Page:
NetBSD is using/will be using? ‘npf’, a new version of pf similarly-named-but completely-different firewall from pf.  Hubert Feyrer put together a bunch of links talking about it.  I link this because DragonFly is using a version of pf equivalent to what OpenBSD 4.8, and there’s been some discussion of what to do next; it appears FreeBSD and NetBSD are forking off separately from OpenBSD’s version.

Update: npf and pf share 2 letters in the name and nothing else, as Joerg told me – corrected.

Posted by     Categories: BSD, DragonFly     3 Comments

DragonFly and spam


Hey, look, DragonFly BSD showing in tweetspam!  Don’t bother following the tweeted links; they don’t have anything useful.  It’s entertaining to see the structure and coding of these bots; they’re no horse_ebooks, of course.

Posted by     Categories: DragonFly, Goings-on     1 Comment

Mailing lists interruption


There’s an as-yet-undiagnosed problem with the @dragonflybsd.org mailing lists; you won’t see any mail from them right now.  I don’t have an ETA for a fix because I don’t know the underlying cause yet…

Update: Fixed; I think – dragonflybsd.org DNS server was not responding, and it had a ripple effect.

Posted by     Categories: DragonFly, Heads Up!     0 Comments

Summer of Code and DragonFly as of right now


I’ve put in an application for DragonFly to be a Google Summer of Code mentoring organization for the 6th year in a row – we have mentors lined up, so we’ll know by the Friday after next.  See my post on kernel@ for pretty much what I just said.

Posted by     Categories: DragonFly, Google Summer of Code     0 Comments

Pentest ebook for sale


If you are a BSD Magazine subscriber (meaning you provided your email to download a free issue), you can get a 20% discount on a security e-book from Craig Wright.  As the promtional email said, ‘Write to editors@bsdmag.org with “BSD ebook” in the title of message to get the special code’. I have no idea of the contents; just the existence of the sale.

Posted by     Categories: Books     0 Comments

A new OpenBSD identd


OpenBSD has a new identd daemon.  Is identd used for anything other than verification when connecting to an IRC network?  I’ve never seen it in another context.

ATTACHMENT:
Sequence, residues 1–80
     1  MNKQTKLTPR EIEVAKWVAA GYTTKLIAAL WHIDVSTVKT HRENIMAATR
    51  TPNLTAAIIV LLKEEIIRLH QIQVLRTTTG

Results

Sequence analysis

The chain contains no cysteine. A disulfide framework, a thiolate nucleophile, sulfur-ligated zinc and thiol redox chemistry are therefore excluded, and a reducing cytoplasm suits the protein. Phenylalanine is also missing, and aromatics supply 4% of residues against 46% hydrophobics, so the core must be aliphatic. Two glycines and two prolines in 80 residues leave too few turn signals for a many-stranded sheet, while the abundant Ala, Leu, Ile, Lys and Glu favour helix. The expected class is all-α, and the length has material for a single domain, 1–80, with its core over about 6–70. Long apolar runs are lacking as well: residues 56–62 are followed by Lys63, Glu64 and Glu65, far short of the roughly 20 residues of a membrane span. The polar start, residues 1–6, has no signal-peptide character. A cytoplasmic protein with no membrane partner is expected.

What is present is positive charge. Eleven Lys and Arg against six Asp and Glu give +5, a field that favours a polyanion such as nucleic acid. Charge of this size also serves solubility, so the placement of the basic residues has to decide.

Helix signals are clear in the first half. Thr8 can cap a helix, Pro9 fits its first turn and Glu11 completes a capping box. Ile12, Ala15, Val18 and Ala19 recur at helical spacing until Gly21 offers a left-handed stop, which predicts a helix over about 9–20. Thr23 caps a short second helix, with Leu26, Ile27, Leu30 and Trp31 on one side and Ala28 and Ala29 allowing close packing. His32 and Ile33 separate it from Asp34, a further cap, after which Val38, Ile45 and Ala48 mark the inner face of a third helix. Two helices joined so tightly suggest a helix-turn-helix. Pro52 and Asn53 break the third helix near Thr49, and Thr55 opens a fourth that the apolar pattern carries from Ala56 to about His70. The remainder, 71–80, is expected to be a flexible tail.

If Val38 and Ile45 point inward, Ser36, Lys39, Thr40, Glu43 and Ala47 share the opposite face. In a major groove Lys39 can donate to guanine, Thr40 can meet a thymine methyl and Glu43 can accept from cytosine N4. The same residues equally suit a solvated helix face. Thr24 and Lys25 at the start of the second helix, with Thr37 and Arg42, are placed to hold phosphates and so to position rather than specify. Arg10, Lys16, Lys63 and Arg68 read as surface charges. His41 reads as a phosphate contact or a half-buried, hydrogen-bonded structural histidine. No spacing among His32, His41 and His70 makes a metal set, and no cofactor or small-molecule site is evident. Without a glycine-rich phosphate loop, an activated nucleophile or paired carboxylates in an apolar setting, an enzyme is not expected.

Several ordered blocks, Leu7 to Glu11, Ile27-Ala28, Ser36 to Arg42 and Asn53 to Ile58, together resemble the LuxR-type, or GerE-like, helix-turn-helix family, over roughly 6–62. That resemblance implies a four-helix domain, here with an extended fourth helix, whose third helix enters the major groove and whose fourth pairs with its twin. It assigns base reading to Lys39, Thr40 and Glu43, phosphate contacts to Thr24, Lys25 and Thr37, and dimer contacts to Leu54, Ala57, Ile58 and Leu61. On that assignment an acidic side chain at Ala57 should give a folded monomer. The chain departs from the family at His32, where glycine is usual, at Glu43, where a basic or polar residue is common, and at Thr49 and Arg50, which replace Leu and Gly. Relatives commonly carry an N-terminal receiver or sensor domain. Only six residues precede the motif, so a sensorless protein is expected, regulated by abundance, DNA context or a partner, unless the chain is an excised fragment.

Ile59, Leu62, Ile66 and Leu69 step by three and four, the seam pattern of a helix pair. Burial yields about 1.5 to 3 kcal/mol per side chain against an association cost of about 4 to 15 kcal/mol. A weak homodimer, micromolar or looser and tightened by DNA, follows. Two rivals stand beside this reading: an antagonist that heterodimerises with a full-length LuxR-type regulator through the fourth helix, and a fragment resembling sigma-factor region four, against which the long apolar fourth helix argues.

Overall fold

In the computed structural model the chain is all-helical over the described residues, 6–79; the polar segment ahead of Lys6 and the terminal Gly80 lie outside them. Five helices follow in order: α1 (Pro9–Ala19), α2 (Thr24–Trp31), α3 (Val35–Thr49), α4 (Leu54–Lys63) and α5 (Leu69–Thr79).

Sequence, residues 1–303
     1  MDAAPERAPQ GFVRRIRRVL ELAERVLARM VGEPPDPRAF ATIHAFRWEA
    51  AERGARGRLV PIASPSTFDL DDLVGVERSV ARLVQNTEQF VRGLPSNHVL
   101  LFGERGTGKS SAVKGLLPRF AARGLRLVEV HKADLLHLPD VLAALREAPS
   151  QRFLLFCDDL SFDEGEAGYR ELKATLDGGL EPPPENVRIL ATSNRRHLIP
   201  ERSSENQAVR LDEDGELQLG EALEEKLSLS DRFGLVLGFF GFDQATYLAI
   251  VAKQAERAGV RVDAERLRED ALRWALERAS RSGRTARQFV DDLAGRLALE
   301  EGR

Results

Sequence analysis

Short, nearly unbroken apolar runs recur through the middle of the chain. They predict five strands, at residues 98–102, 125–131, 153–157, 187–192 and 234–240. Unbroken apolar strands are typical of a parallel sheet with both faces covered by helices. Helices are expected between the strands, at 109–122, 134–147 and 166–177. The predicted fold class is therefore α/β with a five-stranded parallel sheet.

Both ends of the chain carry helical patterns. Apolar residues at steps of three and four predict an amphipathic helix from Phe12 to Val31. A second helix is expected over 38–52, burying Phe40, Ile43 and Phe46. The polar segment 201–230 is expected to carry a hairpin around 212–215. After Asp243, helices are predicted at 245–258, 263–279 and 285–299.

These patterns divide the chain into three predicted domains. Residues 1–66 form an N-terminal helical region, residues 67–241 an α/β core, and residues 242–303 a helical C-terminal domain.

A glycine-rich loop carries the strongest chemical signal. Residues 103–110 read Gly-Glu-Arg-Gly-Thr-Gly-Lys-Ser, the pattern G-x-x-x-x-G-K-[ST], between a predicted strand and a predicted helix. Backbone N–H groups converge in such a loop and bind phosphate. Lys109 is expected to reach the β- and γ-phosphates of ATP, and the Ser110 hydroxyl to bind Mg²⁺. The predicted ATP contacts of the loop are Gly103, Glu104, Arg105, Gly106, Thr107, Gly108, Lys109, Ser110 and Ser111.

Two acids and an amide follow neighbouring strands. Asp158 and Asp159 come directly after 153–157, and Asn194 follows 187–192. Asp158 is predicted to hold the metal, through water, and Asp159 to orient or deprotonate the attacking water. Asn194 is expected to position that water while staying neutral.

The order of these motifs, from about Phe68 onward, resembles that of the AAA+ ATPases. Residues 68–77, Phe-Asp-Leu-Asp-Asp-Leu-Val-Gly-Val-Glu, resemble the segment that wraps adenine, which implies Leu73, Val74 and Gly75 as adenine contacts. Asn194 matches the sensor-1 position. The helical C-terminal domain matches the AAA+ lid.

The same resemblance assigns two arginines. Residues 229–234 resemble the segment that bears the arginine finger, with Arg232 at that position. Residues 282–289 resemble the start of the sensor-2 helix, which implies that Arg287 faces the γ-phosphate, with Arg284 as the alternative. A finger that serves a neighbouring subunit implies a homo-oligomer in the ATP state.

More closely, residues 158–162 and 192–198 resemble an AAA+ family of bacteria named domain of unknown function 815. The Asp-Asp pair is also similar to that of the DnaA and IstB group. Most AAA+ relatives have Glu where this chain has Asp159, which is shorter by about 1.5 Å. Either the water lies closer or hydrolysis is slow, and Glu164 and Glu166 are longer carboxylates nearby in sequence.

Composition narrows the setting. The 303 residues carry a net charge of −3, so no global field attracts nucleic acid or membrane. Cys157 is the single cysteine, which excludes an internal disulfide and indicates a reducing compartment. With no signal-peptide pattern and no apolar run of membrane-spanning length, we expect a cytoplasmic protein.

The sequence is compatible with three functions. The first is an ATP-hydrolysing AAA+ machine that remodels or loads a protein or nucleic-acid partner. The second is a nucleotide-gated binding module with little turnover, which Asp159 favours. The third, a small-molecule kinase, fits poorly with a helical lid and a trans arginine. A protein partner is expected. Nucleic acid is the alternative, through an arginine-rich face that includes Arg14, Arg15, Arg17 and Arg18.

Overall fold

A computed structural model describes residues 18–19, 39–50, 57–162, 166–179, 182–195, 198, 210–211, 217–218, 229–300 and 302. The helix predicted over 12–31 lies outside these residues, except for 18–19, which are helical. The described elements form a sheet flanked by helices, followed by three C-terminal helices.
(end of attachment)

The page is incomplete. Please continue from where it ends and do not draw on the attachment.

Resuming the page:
Posted by     Categories: Committed Code, OpenBSD     3 Comments

Another sh(1) update


Peter Avalos has committed another batch of updates to sh(1), from FreeBSD.  I was going to comment on how strange it was to see software getting updated so many years later; you’d think everything there was to update for /bin/sh had been done at this point.  Digging casually, the oldest bit on sh that I can find is from 1991 – 22 years old.   The man page mentions a rewrite in 1989 based on System V Release 4 UNIX, and there were versions of sh all the way back to version 1.

Here’s a trivia question – what’s the oldest Unix utility, and what’s the oldest code still in use?  I don’t know the answer.

Posted by     Categories: BSD, Committed Code, DragonFly, FreeBSD, UNIXish     4 Comments

Default PHP in pkgsrc moving to 5.4


Right now, if you install PHP, or something dependent on PHP, from pkgsrc, you get PHP 5.3.  The default for pkgsrc will move to 5.4, though I assume that’s going to be after the pkgsrc-2013Q1 release scheduled for the end of this month.  I don’t know the upgrade path, but it sounds like 5.3 is on the way to retirement, in any case.

Posted by     Categories: pkgsrc     0 Comments

pkgsrc-2013Q1 freeze starts


The freeze for pkgsrc-2013Q1 has started; expect the next release at the end of the month.  (Ignore the subject line).

Posted by     Categories: pkgsrc     0 Comments

Lazy Reading for 2013/03/17


You know what stinks?  I find a really cool thing online somewhere, early in the week, or even in a previous week, like today’s unrelated link.  Between me finding it and this always-on-Sunday post, other people encounter it, the link gets reposted everywhere, and it’s old hat by the time you see it here.  Yeah, I’m complaining like it’s hipster linking!

Your unrelated link of the week: I almost can’t tell this is a parody.  Actually, it’s more like a double level of parody.  Seen on this inexplicable, wonderful Tumblog; found via arts inscrutable.

Bonus link: Dog Snack Episode 3.

 

Posted by     Categories: Lazy Reading, roguelike, UNIXish     1 Comment

BSD Magazine: March


The March issue of BSD Magazine is out, with topics like handling crash dumps.  Apparently April’s issue is going to be all FreeNAS.

Posted by     Categories: BSD, Periodicals     0 Comments

RSS reader recommendations